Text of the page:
Each of the simple rotation profiles listed in Table 1 has been defined by specifying the radial distribution of the specific angular momentum, , in the rotationally flattened equilibrium configuration. Here we follow the lead of Stoeckly's (1965) and of Bodenheimer & Ostriker (1973) and, instead, present rotation profiles that are defined by specifying the function, , where is a function describing how the fractional mass enclosed inside varies with .
To better clarify what is meant by the function, , consider a configuration (not necessarily in equilibrium) that is spherically symmetric and that exhibits an — as yet unspecified — massdensity profile, . The mass enclosed within each spherical radius is,
and, if the radius of the configuration is , then the configuration's total mass is,
In contrast, the mass enclosed within each cylindrical radius, , is
where it is understood that the argument of the density function is, .
Example #1: If the configuration has a uniform density, , then its total mass is, , and












Example #2: If the spherically symmetric configuration has a density profile given by the function,



then its total mass is, , and
























UniformDensity Initially (n' = 0)
Drawing directly from §IIc of Stoeckly's (1965) work, … consider a large, gaseous mass, initially a homogeneous sphere of mass and angular momentum rotating as a solid body, and suppose it contracts in such a way that cylindrical surfaces remain cylindrical and each such surface retains its angular momentum. Let , , and denote the initial density, radius, and angular velocity of the [initially unstable configuration], the initial radius of the surface now at radius , and the mass inside this surface. The conditions on the contraction are then



and



By integrating, eliminating between these equations, and eliminating , , and in favor of and , one finds the relation of to the mass distribution to be



Stoeckly (1965), §II.c, eq. (12) 
where, the mass fraction,
This is equation (12) of Stoeckly (1965); it also appears, for example, as equation (45) in Ostriker & Mark (1968), as equation (12) in Bodenheimer & Ostriker (1970), and in the sentence that follows equation (3) in Bodenheimer & Ostriker (1973). As Stoeckly points out, the angular momentum distribution implied by this functional form of satisfies the Solberg/Rayleigh stability criterion — that is,
— initially, and also in the final equilibrium configuration because every cylindrical surface conserves specific angular momentum and the surfaces do not reorder themselves.
Centrally Condensed Initially (n' > 0)
In §III.d (pp. 1084  1086) of Ostriker & Mark (1968), we find the following relations:



Ostriker & Mark (1968), §III.d, Eq. (50) 
where,























For a uniformdensity sphere, Ostriker & Mark claim that Stoeckly's (1965) abovedefined analytical expression for is retrieved by setting, Let's see …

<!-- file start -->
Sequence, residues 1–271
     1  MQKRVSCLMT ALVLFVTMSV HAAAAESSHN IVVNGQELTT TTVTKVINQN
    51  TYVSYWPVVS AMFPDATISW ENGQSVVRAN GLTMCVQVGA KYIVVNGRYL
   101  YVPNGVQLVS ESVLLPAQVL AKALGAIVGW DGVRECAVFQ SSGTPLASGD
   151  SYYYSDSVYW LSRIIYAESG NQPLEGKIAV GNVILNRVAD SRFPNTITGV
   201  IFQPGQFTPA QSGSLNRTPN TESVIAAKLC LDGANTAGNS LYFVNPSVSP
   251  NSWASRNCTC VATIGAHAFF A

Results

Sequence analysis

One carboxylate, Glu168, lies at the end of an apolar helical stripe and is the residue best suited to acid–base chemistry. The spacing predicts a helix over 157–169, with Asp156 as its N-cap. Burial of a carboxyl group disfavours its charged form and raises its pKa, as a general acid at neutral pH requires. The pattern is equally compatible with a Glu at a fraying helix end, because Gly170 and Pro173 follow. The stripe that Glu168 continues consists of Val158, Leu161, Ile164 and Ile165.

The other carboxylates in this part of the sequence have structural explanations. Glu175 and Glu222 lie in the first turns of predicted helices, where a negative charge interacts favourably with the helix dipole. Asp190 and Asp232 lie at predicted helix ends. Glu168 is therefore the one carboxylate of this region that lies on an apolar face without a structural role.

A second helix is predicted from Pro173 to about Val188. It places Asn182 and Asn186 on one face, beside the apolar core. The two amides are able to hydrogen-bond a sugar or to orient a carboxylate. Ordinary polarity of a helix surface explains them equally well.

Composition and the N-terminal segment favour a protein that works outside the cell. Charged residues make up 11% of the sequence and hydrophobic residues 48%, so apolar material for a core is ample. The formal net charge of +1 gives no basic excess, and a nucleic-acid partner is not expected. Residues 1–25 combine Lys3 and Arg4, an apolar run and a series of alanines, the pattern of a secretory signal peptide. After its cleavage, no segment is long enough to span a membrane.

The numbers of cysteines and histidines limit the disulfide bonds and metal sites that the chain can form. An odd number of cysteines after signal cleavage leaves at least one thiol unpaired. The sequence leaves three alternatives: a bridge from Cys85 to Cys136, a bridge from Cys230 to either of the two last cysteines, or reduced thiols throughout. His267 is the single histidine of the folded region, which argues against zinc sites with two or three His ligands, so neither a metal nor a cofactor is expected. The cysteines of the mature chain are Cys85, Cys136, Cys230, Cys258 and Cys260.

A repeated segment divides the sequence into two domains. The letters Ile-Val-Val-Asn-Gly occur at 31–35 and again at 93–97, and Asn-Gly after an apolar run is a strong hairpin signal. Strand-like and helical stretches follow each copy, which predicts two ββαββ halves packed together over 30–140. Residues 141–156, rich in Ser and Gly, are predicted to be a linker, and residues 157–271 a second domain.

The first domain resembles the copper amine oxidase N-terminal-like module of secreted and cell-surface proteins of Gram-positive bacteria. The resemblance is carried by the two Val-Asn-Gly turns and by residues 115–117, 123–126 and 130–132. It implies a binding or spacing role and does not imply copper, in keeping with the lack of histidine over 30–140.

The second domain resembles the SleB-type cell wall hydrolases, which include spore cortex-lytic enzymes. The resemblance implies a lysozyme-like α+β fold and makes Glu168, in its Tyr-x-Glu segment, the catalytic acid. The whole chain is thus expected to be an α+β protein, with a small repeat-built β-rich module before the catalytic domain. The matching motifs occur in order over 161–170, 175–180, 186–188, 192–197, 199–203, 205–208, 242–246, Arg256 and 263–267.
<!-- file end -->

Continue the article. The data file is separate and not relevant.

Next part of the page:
This implies,

Q. E. D.
In addition, from p. 163 (Table 1) of Bodenheimer & Ostriker (1973) we find the following table of coefficient values.
Coefficients for Expression 
Figure & caption extracted from p. 715 of
Pickett, Durisen & Davis (1996) 

0  +2.5  2.5  
+3.068133  +0.203667  3.271800  +0.801297  
1  +3.825819  +0.857311  4.68313  +0.650981  
+4.887588  +2.345310  7.232898  +0.525816  
2  +6.457897  +6.018111  12.476007  +0.417472  
+8.944150  +18.234305  27.178455  +0.321459  
3  +13.270061  +163.26149  176.53154  +0.235287  
Coefficients for Expression 

+4.8239  +1.8744  6.6983  +0.5622 
Double Check Vector Identities
Let's plug a few different simple rotation profiles into the Euler equation, using a cylindricalcoordinate base to demonstrate that the three expressions are identical, namely, that





Uniform Rotation
In the case of uniform rotation, we have,
where, is independent of radial position. This also means that,
and,









[A] Hence,






[B} Alternatively,






[C} Or,



This demonstrates that, in the case of uniform angular velocity, all three expressions are identical.
Power Law
In the case of a powerlaw expression, we have,
where, and are both independent of radial position. This also means that,
and,









[D] Hence,






[E} Alternatively,









[F} Or,






This demonstrates that, in the case of powerlaw angular velocity profile, all three expressions are identical.
Uniform v_{φ}
In the case of a uniform (i.e., a flat rotation curve), we have,
where, is independent of radial position. This also means that,
and,






[G] Hence,



[H} Alternatively,






[I} Or,









This demonstrates that, in the case of a constant profile, all three expressions are identical.
jConstant Rotation
In the case of socalled jconstant rotation, we have,
where, , and the characteristic length, , are both independent of radial position. This also means that,
and,












[J] Hence,






[K} Alternatively,















[L} Or,



This demonstrates that, in the case of a jconstant rotation profile, all three expressions are identical.
Technique
To solve the abovespecified set of simplified governing equations we will essentially adopt Technique 3 as presented in our construction of spherically symmetric configurations. Using a barotropic equation of state — in which case can be replaced by — we can combine the two components of the Euler equation shown above back into a single vector equation of the form,
where it is understood that here, as displayed earlier, the gradient represents a twodimensional operator written in cylindrical coordinates that is appropriate for axisymmetric configurations, namely,
This means that, throughout our configuration, the functions () and () must sum to a constant value, call it . That is to say, the statement of hydrostatic balance for axisymmetric configurations reduces to the algebraic expression,
.
This relation must be solved in conjunction with the Poisson equation,
giving us two equations (one algebraic and the other a twodimensional 2^{nd}order elliptic PDE) that relate the three unknown functions, , , and .
See Also
 Part I of Axisymmetric Configurations: Simplified Governing Equations
© 2014  2019 by Joel E. Tohline